It is our contention that there is a component of contemporary western lifestyles which has the potential to impact behavior across many purchase and consumption situations, but which has not received adequate attention by researchers. In tracking current consumer lifestyle patterns, a recurring descriptor of households in the U.S. is the hectic pace and resulting stress associated with "living" today. Stress and its antecedents may be one of those aspects of human activity that Holbrook (1987) refers to which should be more closely examined for its influence on purchase and consumption behavior.

During the 1980's, much has been written in the popular press about stress in contemporary lifestyles. A general shift in values emphasizing career and success, coupled with changing household structures and characteristics (e.g., dual income families and single-parent households), have certainly contributed to the interest in stress and its effects on individuals. Stress "management" or "reduction" seminars have become commonplace. Books on managing or reducing stress are eagerly sought by consumers (e.g., Selye 1974; Tubesing 1981), and the topic of stress in modern life has been a recurring theme in the media.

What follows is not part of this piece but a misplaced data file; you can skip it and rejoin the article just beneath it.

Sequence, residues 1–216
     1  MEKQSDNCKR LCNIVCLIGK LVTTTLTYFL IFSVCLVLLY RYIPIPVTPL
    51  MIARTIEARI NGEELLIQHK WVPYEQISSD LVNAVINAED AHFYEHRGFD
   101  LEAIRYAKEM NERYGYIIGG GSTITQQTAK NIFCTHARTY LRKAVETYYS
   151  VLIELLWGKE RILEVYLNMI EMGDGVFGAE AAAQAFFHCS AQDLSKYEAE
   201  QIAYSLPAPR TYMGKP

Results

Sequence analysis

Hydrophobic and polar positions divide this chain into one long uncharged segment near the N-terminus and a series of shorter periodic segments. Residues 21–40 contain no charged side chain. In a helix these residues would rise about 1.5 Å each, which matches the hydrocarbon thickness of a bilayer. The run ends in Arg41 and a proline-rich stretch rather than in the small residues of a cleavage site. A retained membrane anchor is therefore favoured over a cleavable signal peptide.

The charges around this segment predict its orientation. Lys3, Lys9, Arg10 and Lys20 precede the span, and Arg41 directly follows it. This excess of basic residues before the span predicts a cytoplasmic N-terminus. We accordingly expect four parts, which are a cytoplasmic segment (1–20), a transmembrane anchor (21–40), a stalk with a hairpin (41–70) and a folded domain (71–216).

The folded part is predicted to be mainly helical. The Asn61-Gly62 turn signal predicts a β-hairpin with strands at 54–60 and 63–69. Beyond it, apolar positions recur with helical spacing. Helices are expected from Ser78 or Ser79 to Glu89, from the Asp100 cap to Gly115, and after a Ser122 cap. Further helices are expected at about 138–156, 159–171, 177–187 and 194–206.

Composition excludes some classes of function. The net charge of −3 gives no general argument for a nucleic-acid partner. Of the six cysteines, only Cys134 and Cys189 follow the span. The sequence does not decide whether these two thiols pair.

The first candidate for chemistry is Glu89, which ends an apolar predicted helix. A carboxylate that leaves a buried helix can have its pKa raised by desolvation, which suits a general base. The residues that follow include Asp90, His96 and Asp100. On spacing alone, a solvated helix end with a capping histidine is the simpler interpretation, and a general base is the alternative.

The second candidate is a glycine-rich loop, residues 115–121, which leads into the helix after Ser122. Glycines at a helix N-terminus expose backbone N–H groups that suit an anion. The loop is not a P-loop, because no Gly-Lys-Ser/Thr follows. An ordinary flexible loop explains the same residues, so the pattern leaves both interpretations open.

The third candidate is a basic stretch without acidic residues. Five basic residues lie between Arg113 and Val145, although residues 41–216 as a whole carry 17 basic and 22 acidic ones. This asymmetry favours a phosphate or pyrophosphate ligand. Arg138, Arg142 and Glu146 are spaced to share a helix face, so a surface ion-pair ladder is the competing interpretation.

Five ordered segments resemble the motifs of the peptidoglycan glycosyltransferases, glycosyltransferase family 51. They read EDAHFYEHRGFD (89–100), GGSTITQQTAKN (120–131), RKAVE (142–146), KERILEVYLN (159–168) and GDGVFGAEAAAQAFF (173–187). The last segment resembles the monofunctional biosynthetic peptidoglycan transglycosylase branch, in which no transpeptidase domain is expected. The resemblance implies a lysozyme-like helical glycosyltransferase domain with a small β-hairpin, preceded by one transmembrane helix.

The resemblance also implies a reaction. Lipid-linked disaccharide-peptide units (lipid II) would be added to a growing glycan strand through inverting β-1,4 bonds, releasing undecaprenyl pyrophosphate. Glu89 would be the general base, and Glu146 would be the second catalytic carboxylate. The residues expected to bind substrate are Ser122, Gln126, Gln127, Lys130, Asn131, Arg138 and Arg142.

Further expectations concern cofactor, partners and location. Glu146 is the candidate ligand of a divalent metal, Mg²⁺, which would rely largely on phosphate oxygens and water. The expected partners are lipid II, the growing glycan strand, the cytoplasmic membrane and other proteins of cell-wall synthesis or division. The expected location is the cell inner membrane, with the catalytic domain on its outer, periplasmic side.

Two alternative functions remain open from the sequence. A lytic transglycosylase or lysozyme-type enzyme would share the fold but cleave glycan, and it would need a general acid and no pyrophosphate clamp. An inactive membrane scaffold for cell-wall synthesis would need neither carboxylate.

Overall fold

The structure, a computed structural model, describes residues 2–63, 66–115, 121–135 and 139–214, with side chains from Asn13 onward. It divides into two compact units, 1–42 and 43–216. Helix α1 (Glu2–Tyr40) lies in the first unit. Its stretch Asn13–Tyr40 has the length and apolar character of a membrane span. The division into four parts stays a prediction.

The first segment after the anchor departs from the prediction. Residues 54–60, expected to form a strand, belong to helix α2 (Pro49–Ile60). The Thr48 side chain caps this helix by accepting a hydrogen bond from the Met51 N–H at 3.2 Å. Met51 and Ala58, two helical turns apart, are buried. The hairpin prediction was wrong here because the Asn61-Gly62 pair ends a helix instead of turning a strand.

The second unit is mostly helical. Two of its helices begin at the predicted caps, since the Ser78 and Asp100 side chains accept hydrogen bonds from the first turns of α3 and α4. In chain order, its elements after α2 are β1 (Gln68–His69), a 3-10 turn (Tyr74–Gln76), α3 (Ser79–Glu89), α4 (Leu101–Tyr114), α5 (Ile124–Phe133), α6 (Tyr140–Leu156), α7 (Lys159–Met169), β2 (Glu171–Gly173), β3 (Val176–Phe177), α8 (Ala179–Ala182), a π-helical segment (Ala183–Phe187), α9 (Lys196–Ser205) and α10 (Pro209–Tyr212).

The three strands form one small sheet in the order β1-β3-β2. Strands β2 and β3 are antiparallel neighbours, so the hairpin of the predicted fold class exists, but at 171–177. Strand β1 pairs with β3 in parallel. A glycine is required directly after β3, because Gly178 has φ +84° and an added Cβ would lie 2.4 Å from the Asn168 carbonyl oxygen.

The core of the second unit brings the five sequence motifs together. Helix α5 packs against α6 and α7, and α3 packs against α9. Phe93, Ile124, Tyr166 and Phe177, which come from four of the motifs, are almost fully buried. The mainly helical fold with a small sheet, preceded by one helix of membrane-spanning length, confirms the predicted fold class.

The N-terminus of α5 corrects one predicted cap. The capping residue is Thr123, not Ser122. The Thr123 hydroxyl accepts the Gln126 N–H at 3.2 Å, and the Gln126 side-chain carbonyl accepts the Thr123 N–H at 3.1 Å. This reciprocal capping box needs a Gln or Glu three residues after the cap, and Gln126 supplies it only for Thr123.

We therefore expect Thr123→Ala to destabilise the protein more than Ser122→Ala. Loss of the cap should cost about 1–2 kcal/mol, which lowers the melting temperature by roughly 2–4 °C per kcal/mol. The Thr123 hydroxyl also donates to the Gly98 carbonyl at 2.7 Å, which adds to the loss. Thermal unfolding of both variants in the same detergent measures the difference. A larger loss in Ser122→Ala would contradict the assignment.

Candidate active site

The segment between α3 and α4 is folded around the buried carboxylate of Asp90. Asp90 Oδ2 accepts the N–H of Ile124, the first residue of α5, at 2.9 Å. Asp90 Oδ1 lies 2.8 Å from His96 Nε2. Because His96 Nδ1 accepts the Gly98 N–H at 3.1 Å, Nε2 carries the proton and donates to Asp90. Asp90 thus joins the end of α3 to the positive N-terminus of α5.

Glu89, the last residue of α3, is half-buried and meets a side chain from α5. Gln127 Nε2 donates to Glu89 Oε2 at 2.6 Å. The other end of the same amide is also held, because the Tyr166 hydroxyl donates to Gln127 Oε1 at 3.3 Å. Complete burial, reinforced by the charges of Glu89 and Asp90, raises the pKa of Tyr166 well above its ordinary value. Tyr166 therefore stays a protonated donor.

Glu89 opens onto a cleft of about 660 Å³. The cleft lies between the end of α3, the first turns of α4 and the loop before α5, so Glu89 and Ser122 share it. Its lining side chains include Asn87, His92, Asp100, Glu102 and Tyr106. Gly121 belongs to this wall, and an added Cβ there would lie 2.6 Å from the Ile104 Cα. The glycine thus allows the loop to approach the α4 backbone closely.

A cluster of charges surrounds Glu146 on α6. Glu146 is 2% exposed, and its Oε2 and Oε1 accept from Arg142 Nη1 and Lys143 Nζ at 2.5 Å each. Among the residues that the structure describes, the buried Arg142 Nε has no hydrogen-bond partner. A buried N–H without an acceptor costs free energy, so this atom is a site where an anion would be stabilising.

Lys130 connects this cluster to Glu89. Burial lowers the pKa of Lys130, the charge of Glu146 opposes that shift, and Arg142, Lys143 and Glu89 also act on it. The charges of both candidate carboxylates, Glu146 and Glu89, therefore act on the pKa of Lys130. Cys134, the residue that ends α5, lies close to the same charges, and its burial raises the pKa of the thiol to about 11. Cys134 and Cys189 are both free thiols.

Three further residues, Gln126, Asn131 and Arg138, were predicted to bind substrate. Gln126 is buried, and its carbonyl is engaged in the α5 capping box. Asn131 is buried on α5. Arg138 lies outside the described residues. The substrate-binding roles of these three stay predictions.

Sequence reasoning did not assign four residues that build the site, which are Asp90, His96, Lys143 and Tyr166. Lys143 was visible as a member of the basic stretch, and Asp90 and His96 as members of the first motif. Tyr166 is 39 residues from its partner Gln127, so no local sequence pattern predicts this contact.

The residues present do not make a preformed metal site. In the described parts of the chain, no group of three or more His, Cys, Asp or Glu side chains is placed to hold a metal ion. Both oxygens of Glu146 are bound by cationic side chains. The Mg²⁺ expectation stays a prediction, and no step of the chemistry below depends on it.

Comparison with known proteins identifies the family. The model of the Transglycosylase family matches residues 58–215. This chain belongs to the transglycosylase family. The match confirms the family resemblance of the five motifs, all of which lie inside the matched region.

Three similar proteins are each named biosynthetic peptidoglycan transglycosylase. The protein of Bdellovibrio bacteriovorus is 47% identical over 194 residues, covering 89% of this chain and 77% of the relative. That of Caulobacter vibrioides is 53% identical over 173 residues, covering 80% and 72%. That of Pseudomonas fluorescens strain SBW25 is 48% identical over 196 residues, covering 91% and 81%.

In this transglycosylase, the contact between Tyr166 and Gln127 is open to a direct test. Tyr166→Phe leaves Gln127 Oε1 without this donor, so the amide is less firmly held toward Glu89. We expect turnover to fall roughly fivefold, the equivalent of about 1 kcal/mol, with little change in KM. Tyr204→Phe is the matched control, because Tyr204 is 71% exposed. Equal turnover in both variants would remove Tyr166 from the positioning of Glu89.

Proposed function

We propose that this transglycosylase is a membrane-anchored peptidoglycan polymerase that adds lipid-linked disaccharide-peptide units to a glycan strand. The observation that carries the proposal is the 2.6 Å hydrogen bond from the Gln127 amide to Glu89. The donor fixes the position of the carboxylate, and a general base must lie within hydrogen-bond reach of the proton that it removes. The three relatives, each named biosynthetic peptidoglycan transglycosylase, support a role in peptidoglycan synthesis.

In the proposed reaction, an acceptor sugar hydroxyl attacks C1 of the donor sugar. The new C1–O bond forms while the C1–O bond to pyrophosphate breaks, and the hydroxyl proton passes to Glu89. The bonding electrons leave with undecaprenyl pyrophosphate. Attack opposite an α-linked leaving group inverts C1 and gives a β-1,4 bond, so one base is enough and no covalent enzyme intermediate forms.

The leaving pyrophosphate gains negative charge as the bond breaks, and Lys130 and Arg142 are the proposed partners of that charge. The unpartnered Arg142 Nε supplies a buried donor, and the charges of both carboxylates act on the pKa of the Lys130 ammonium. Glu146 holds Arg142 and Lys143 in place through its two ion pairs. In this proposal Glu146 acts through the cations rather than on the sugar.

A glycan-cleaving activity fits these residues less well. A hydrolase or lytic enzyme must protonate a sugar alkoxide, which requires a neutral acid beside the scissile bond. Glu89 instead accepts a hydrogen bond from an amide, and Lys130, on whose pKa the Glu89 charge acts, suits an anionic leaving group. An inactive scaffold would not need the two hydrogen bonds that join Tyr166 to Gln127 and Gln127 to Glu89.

Despite the recent wave of interest in arid popularity of the topic of stress in contemporary lifestyles, it has been virtually ignored among consumer researchers. Practitioners and textbook authors frequently refer to the potential for stress in dual income households, etc., but published data on the effects of stress on purchasing and consumption patterns is markedly absent.